- The due diligence process is similar to undergoing a colonoscopy. Entrepreneurs should be prepared for it, and for the fact that it often involves give and take over time with prospective investors.
- There is also nothing wrong with bootstrapping your business, especially in the early days. Why give up too much equity too early? Over time, you can sell off more ownership in exchange for capital as your valuation rises.
- Keep in mind that VC firms and other investors are invariably bombarded with thousands of business plans. Do your homework before sending plans out. It’s invariably best to have one of your contacts recommend a meeting.
- This known as a “warm” intro, and it’s obviously better to find a personal thread(s) in common with your target. It’s unsurprising that VCs will more readily agree to a meeting to learn about your enterprise when a respected colleague indicates that it will be worth it for them.
- When you ultimately get a green light for an in-person or perhaps a Skype or conference-call meeting, it is a must that you research the folks you are getting together with.
- Watch videos of their public appearances and/or review other source material (websites, LinkedIn bios, past investments and exits) to learn about their style(s). This intelligence will help you better pinpoint exactly what they’re looking for.
- Contrary to what you might think, it’s preferable to pitch to your “dream” investors first, so they have more time to evaluate an investment in your company.
- The panel recommended that entrepreneurs devote at least three days/evenings per week to participating in some form of networking, including attending industry conferences.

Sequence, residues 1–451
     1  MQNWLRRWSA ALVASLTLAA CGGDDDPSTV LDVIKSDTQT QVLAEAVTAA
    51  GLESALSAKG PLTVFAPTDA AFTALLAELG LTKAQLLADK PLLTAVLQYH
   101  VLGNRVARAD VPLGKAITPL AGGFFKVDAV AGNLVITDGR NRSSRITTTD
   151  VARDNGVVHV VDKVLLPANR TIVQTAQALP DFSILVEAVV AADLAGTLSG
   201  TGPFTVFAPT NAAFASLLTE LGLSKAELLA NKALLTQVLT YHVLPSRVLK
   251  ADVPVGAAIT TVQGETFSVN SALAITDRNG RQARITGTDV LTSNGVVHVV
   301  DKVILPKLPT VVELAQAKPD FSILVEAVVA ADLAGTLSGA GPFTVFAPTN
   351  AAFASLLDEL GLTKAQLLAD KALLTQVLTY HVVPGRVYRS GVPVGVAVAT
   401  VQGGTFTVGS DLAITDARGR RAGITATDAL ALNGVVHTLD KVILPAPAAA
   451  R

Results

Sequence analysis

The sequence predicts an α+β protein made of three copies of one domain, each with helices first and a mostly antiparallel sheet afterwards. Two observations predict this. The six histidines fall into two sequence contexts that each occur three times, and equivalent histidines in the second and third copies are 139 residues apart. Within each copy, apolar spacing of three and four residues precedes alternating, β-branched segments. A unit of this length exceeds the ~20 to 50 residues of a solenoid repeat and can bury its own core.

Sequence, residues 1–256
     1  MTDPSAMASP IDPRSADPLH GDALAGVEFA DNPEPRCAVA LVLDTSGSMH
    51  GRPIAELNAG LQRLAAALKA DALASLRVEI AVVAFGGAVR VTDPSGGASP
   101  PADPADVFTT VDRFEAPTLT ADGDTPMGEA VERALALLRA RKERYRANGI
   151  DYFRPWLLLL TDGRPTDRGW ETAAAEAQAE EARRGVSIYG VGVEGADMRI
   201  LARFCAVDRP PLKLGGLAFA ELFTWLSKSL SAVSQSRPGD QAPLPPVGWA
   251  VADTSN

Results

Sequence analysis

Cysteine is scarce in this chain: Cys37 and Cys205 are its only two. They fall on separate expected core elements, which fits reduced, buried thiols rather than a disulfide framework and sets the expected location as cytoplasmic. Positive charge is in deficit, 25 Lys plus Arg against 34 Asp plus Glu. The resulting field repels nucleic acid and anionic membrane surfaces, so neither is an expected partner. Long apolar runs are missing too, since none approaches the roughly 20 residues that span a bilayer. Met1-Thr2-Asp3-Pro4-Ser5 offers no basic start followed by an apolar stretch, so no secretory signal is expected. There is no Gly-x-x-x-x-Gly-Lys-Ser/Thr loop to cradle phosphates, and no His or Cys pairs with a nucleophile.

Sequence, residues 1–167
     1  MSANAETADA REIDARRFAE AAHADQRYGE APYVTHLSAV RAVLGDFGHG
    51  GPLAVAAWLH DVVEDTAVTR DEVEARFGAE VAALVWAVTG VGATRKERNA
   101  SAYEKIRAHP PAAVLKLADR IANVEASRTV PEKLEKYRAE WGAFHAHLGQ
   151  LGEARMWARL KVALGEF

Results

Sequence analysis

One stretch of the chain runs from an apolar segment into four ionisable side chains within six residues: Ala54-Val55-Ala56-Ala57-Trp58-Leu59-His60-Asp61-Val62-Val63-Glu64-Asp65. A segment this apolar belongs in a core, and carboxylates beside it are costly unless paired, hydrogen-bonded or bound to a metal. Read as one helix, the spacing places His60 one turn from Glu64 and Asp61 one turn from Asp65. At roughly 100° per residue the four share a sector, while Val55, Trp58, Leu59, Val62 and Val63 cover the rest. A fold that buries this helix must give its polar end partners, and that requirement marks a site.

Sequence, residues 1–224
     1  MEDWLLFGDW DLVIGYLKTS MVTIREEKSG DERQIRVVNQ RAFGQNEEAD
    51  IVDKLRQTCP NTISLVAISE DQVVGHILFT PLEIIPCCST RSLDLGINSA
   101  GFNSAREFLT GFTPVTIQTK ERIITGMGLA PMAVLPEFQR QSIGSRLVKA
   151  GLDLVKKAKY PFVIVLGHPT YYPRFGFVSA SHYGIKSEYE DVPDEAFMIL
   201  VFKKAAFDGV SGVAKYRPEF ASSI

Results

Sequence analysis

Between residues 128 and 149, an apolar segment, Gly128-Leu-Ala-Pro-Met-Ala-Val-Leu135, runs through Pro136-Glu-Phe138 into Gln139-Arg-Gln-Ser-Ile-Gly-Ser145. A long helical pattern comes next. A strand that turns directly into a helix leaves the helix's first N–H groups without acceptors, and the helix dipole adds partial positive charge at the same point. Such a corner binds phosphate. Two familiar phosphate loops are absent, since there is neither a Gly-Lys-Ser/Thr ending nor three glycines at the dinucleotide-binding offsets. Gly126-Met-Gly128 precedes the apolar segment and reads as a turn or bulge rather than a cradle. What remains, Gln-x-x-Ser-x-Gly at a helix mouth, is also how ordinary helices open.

- It helps if you are naturally charismatic when pitching to investors, as this can build up your confidence, as well as their confidence in you. In terms of bringing teammates with you to pitches, make sure these are actual members of the organization, as opposed to advisers who don’t play an active role in the company.
- After the pitch, actively solicit constructive feedback and advice from those you met with. Do not take criticism personally or to heart. Instead, learn from past mistakes and modify/pivot to improve the effectiveness of your upcoming pitches.
- Don’t be afraid to meet initially with lower-level associates at a given VC company. Their opinions often carry a lot of weight in the final decision-making as to whether you’re a check or a pass.
- Lastly, and perhaps most importantly, keep pitching. And don’t be afraid of rejection or failure. According to legend, a certain founder of a certain enterprise called “Amazon” pitched his company 69 times before achieving success. The company also started out by specializing exclusively in selling books.
About Rob Rinderman – Rob is the founder and president of SMC Consulting (New York), a strategic marketing, communications and business-development advisory firm focused on mentoring early-stage enterprises. He also works for a boutique investment bank, a corporate valuations consultancy and, as a sideline, writes for NJTechWeekly.com and several leading industry trade publications.